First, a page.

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April 14th, 2012, 18:51
I prefer the path accompanying Iorveth. Roche is somewhat okay in my book too, but ultimately he is just a patriot who is loyal to a now dead king (and might be disposed of himself soon, depending on whom grabs power next), which puts his goals dangerously close to a fools errant. Roche also lost lots of sympathy with me, when he just attacks the group at the elven statue (where you have to choose between Iorveth and Roche for the first time) and starts killing everyone. I never like people who act first and think later. But that's certainly a predominant trait of Roche. He's basically the Jack Bauer of the Witcherverse. He doesn't use violence as a last resort (something Geralt does IMHO), but seems to think it's the only way to approach most situations.
With Iorveth however, he's in it for a vision, he is pursuing a worthy goal. He's fighting for a free Vergen, a kingdom in which all races can finally live in peace together - equal rights and all that, something entirely new and unprecedented in this world.
I didn't really trust him at first and just risked it, but I think the game definitely states that he is legit. One of the dreams the harpies stole, is his and we don't see him killing all humans or anything sinister like this, no - he's sitting in a home with food on the table, stuff like a musical instrument lying around and he's lit a fire in his chimney so it's warm and cozy. So that's what he actually wants, what he's looking for, what he's dreaming of… After seeing that, I was convinced that I made the right choice by backing him.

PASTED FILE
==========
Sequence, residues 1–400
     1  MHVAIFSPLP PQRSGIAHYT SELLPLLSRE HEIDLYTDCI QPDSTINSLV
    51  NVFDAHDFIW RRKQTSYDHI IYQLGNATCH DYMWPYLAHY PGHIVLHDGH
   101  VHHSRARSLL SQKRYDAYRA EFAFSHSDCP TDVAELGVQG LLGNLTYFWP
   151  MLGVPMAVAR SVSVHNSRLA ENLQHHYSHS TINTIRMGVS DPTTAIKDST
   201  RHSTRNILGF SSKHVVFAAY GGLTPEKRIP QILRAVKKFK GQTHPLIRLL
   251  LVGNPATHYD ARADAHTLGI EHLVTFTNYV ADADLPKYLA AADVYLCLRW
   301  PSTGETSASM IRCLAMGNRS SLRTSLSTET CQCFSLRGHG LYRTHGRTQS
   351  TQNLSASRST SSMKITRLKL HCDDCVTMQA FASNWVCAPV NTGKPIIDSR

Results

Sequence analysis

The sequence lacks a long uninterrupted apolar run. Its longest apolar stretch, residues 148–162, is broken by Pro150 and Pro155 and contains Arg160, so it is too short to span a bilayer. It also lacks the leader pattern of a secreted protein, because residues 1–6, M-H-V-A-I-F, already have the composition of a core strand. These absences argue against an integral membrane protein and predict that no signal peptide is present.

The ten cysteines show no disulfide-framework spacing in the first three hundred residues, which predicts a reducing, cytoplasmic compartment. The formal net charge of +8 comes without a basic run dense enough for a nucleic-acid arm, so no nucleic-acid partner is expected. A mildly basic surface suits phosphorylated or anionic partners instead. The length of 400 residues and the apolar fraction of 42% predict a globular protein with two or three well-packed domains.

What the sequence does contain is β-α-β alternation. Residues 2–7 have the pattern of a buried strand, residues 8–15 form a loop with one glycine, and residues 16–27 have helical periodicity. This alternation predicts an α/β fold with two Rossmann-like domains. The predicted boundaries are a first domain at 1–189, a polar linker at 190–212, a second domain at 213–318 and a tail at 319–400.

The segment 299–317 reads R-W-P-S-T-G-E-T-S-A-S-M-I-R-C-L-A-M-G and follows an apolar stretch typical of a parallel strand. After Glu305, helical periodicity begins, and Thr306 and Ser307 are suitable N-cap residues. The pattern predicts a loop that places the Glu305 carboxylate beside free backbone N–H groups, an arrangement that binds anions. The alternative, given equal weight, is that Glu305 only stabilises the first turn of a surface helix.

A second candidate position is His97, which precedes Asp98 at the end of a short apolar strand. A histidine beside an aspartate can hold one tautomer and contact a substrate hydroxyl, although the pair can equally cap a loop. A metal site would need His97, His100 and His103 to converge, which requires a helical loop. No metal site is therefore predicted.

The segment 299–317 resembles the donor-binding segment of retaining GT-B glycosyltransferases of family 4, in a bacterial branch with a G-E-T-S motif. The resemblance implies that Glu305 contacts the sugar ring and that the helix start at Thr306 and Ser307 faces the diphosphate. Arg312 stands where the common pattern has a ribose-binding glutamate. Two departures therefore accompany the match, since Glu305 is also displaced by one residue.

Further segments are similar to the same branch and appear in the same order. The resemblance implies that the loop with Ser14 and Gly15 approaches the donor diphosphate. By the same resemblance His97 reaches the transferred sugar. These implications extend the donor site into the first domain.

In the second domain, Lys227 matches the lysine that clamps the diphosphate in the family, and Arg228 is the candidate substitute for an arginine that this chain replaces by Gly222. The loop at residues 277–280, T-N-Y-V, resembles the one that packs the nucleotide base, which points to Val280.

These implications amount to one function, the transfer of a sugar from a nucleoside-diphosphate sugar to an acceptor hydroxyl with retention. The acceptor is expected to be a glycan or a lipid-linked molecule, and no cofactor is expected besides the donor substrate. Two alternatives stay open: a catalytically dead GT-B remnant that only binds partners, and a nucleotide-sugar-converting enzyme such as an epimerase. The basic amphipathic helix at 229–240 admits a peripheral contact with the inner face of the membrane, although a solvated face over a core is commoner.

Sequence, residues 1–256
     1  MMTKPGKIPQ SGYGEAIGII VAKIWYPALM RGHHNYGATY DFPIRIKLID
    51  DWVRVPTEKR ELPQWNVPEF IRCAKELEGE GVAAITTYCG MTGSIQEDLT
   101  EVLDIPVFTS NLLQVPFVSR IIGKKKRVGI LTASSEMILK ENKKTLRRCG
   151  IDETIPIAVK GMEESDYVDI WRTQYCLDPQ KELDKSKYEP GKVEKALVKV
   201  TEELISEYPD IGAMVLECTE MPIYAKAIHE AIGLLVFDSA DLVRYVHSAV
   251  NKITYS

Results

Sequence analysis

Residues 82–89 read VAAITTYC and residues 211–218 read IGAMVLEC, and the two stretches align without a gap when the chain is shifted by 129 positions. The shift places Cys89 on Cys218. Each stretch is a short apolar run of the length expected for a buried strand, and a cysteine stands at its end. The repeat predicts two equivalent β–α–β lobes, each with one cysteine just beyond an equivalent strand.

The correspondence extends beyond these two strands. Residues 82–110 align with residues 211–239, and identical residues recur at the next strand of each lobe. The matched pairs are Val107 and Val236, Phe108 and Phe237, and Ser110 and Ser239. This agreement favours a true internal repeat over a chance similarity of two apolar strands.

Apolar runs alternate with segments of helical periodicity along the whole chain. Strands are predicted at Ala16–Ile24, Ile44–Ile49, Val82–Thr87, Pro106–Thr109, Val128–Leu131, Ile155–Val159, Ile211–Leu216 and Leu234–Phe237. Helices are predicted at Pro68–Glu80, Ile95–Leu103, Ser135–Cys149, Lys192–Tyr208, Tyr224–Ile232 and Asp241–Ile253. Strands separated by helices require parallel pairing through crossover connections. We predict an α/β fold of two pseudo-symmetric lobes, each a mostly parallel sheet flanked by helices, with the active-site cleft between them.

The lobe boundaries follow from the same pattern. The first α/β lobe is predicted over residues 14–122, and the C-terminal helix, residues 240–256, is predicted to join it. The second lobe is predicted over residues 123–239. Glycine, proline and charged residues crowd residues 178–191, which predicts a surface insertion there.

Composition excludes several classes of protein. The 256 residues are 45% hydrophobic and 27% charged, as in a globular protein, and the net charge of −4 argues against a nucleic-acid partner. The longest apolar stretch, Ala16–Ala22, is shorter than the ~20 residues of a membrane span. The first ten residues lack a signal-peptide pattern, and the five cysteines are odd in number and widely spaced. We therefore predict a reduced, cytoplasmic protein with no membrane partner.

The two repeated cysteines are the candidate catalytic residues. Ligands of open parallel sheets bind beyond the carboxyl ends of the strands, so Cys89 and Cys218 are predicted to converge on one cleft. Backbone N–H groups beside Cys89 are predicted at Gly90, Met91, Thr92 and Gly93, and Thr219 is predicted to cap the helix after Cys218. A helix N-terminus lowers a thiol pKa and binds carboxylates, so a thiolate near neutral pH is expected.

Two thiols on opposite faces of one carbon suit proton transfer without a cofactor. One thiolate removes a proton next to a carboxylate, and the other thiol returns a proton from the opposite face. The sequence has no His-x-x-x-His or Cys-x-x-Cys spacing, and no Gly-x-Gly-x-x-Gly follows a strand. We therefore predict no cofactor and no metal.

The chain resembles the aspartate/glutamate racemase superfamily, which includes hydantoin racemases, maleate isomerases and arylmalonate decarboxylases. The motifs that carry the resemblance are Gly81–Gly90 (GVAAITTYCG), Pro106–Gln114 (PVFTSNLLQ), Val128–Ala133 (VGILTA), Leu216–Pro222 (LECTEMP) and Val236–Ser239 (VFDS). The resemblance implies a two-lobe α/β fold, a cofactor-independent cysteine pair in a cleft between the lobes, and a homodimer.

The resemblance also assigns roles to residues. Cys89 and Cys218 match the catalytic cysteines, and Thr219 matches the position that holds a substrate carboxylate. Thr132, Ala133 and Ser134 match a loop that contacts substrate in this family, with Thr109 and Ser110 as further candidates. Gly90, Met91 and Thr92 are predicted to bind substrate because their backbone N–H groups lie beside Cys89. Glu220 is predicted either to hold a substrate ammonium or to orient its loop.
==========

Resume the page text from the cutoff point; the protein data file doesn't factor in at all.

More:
Geralt himself is a mutant, although he usually does everything to protect humans, he's mostly hated and despised by them. Even his only true friends are mostly outsiders and aren't really accepted by the general populace. After seeing Zoltan (someone who's frequently facing racism just because he's a dwarf, although he is really an okay guy) fighting for Vergen and starting to believe in this cause, I was quite happy, something that doesn't happen too often in the Witcher world where bad things happen most of the time. I also think that it is a common theme in the Witcher (books and games) that not everything that looks like a monster, really is one and that sometimes humans are the real monsters.
When I learned what Vergen was about and what they were trying to do there, I immediately felt that this was the place were I'd belong - or at least that this was the cause I had to be fighting for. It almost felt like betraying the Witcher and his friends, if I would not.
The Iorveth path was also the only way, to free the dragon from Philippa's influence, which is something else that I thought was important.
It felt like sacrificing too much, if I would instead just run around with Roche and yell "FOR TEMERIA". Something that was weird anyway, since the Witcher never struck me as a "patriot" at all, if anything I thought he was some sort of "internationalist", who lived by his own code and always applied that (instead of rules the current local rulers tried to enforce).
Saskia also struck me as the most deserving leader among all the rulers shown in the game. Foltest was the sole king I could like to a degree and he was already dead. When playing the Roche path, Saskia/Vergen fails and she stays under Philippa's influence… That was quite unsatisfying to me, despite all the really cool stuff that can happen on the Roche path.

Purely gameplay-wise I enjoyed both paths very much. Both have really good quests and characters. Every fan needs to play all two anyway!
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